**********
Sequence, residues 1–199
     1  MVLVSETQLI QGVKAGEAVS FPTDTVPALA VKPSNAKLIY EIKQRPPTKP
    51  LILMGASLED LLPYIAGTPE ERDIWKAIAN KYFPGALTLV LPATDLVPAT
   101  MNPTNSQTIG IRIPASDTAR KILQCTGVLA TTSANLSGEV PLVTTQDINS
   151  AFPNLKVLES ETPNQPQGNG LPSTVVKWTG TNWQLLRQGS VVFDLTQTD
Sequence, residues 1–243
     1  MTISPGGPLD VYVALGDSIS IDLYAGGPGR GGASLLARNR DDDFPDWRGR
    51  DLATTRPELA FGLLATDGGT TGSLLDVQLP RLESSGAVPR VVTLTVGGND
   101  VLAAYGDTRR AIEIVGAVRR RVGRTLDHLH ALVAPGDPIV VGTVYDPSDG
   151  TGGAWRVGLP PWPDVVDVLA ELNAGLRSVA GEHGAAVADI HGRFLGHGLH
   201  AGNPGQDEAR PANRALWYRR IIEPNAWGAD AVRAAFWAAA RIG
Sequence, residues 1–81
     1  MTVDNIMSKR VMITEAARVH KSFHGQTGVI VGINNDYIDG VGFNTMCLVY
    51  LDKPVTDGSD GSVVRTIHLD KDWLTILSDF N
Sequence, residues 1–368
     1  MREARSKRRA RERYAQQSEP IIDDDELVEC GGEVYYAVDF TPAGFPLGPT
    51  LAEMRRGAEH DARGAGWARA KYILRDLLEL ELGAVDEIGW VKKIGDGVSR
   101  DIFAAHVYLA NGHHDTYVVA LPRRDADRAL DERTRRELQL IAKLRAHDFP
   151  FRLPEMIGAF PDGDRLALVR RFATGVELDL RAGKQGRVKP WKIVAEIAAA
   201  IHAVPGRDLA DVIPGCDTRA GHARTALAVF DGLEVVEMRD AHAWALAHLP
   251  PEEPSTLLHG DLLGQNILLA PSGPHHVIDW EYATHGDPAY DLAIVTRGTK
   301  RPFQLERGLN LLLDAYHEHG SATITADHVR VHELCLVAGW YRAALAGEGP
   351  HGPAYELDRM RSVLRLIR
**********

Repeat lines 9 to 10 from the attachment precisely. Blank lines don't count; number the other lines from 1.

   101  VLAAYGDTRR AIEIVGAVRR RVGRTLDHLH ALVAPGDPIV VGTVYDPSDG
   151  TGGAWRVGLP PWPDVVDVLA ELNAGLRSVA GEHGAAVADI HGRFLGHGLH